Glove story

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The Independent Culture
Renewed interest in the visual arts, mime and animation means that puppets are back in fashion. But before you rush to dig out that matted Sooty glove, take a look at the more sophisticated characters appearing in London over Christmas. The most exciting live shows are taking place at the Puppet Theatre Barge. The performers may be wooden, but the company has a reputation for producing magical drama and Brer Rabbit's trip to Africa promises lions, elephants and atmospheric "sounds of the continent".

A different kind of puppetry is happening at The Gallery Downstairs, with an exhibition of hundreds of rare Javanese puppets. Caricaturing human virtues and appetites, the painted leather puppets were the 19th- century stars of satirical shadow plays. Hoping to put on a show of their own, the gallery searched the country for a puppeteer skilful enough to handle the figures, but even a call to the Thai embassy failed to unearth an expert. Since an authentic performance is eight hours of imperceptibly small moves followed by a minute's frantic fighting, it's probably a good thing the gallery abandoned the idea. Instead, visitors will be able to play with the puppets themselves by wiggling a few wires. Anyone keen to purchase the personification of greed, lust or generosity can do so, with prices ranging from pounds 30 to pounds 200.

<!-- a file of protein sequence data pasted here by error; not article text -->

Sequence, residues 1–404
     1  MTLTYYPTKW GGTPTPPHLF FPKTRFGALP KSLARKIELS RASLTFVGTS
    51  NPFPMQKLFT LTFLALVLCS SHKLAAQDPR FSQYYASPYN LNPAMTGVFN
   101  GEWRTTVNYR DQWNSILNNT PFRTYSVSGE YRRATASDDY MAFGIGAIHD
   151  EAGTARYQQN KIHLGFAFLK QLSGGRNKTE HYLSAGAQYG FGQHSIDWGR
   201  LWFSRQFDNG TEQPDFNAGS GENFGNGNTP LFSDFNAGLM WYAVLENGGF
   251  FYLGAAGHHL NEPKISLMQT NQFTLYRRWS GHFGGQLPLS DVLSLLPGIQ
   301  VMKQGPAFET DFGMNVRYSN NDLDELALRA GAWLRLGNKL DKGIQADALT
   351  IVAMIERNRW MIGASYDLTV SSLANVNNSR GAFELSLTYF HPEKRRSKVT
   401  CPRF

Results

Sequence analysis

A little less rarefied, the exhibition at Gabriel's Wharf displays glove and rod models and marionettes. Fairy-tale tableaux include Isabella, which should satisfy bloodthirsty children with its story of a Princess who puts the head of her murdered lover in a pot of basil. And it's worth pulling a few strings to get to their free weekend shows.

LIESE SPENCER

Puppet Theatre Barge (0171-249 6876); Gallery Downstairs (0171-493 0876) to 20 Jan; Gabriel's Wharf 12noon-6pm daily to 20 Dec - free weekend shows 2pm & 3pm

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